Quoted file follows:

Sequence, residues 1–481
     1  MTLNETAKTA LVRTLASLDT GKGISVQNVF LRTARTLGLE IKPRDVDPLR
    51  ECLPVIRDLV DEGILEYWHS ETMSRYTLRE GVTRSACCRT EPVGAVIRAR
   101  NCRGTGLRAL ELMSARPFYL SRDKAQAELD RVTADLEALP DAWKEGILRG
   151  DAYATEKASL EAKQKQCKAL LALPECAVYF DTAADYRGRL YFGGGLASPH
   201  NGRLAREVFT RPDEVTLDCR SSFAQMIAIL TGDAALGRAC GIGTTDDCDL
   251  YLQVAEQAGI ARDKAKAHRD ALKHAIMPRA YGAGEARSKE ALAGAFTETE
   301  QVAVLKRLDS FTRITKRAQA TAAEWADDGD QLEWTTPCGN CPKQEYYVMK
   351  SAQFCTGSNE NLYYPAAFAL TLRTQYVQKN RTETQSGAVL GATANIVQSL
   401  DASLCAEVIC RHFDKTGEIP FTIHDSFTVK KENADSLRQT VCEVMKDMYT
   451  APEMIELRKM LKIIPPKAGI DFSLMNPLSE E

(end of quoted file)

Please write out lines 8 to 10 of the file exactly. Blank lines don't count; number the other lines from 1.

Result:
   301  QVAVLKRLDS FTRITKRAQA TAAEWADDGD QLEWTTPCGN CPKQEYYVMK
   351  SAQFCTGSNE NLYYPAAFAL TLRTQYVQKN RTETQSGAVL GATANIVQSL
   401  DASLCAEVIC RHFDKTGEIP FTIHDSFTVK KENADSLRQT VCEVMKDMYT